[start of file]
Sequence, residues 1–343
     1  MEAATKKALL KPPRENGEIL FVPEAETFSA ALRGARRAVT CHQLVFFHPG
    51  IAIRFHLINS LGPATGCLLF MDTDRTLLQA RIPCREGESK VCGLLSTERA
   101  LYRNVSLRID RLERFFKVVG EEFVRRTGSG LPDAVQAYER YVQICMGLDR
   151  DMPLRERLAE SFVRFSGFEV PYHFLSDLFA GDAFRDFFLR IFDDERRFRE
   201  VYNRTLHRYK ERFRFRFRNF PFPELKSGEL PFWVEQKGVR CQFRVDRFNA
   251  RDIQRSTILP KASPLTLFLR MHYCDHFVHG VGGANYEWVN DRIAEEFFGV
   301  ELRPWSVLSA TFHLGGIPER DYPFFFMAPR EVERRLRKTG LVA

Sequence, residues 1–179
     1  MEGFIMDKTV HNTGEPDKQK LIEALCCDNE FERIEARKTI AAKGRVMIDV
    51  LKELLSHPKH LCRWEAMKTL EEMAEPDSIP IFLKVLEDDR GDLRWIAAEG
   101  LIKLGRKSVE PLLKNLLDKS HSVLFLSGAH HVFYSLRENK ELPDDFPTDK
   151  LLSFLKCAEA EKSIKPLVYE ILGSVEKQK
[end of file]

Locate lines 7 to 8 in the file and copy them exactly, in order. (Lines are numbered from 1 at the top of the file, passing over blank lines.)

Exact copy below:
   251  RDIQRSTILP KASPLTLFLR MHYCDHFVHG VGGANYEWVN DRIAEEFFGV
   301  ELRPWSVLSA TFHLGGIPER DYPFFFMAPR EVERRLRKTG LVA